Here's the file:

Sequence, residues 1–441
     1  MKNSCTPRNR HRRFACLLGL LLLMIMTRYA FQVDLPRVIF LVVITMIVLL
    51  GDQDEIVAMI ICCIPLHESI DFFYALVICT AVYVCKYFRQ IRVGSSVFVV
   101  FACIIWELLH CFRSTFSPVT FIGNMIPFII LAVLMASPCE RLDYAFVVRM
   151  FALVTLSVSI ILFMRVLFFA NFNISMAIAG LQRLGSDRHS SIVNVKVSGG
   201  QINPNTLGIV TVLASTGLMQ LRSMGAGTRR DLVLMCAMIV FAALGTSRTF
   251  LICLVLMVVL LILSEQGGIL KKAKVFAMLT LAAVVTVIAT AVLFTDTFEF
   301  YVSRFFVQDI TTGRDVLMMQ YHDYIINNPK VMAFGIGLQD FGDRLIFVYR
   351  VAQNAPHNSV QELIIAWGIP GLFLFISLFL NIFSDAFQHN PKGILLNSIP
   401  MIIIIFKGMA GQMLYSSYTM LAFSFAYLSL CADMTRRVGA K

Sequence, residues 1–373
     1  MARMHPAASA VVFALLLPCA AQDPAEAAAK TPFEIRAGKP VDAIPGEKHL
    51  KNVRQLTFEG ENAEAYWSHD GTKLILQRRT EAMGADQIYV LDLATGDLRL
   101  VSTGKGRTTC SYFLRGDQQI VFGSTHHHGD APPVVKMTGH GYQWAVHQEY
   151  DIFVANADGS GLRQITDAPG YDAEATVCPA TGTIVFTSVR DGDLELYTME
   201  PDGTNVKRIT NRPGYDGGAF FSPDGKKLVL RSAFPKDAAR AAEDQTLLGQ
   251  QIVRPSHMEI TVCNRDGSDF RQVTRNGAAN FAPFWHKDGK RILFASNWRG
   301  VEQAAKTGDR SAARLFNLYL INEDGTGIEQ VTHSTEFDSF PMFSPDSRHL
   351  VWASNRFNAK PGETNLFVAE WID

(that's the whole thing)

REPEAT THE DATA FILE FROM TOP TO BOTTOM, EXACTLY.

Sequence, residues 1–441
     1  MKNSCTPRNR HRRFACLLGL LLLMIMTRYA FQVDLPRVIF LVVITMIVLL
    51  GDQDEIVAMI ICCIPLHESI DFFYALVICT AVYVCKYFRQ IRVGSSVFVV
   101  FACIIWELLH CFRSTFSPVT FIGNMIPFII LAVLMASPCE RLDYAFVVRM
   151  FALVTLSVSI ILFMRVLFFA NFNISMAIAG LQRLGSDRHS SIVNVKVSGG
   201  QINPNTLGIV TVLASTGLMQ LRSMGAGTRR DLVLMCAMIV FAALGTSRTF
   251  LICLVLMVVL LILSEQGGIL KKAKVFAMLT LAAVVTVIAT AVLFTDTFEF
   301  YVSRFFVQDI TTGRDVLMMQ YHDYIINNPK VMAFGIGLQD FGDRLIFVYR
   351  VAQNAPHNSV QELIIAWGIP GLFLFISLFL NIFSDAFQHN PKGILLNSIP
   401  MIIIIFKGMA GQMLYSSYTM LAFSFAYLSL CADMTRRVGA K

Sequence, residues 1–373
     1  MARMHPAASA VVFALLLPCA AQDPAEAAAK TPFEIRAGKP VDAIPGEKHL
    51  KNVRQLTFEG ENAEAYWSHD GTKLILQRRT EAMGADQIYV LDLATGDLRL
   101  VSTGKGRTTC SYFLRGDQQI VFGSTHHHGD APPVVKMTGH GYQWAVHQEY
   151  DIFVANADGS GLRQITDAPG YDAEATVCPA TGTIVFTSVR DGDLELYTME
   201  PDGTNVKRIT NRPGYDGGAF FSPDGKKLVL RSAFPKDAAR AAEDQTLLGQ
   251  QIVRPSHMEI TVCNRDGSDF RQVTRNGAAN FAPFWHKDGK RILFASNWRG
   301  VEQAAKTGDR SAARLFNLYL INEDGTGIEQ VTHSTEFDSF PMFSPDSRHL
   351  VWASNRFNAK PGETNLFVAE WID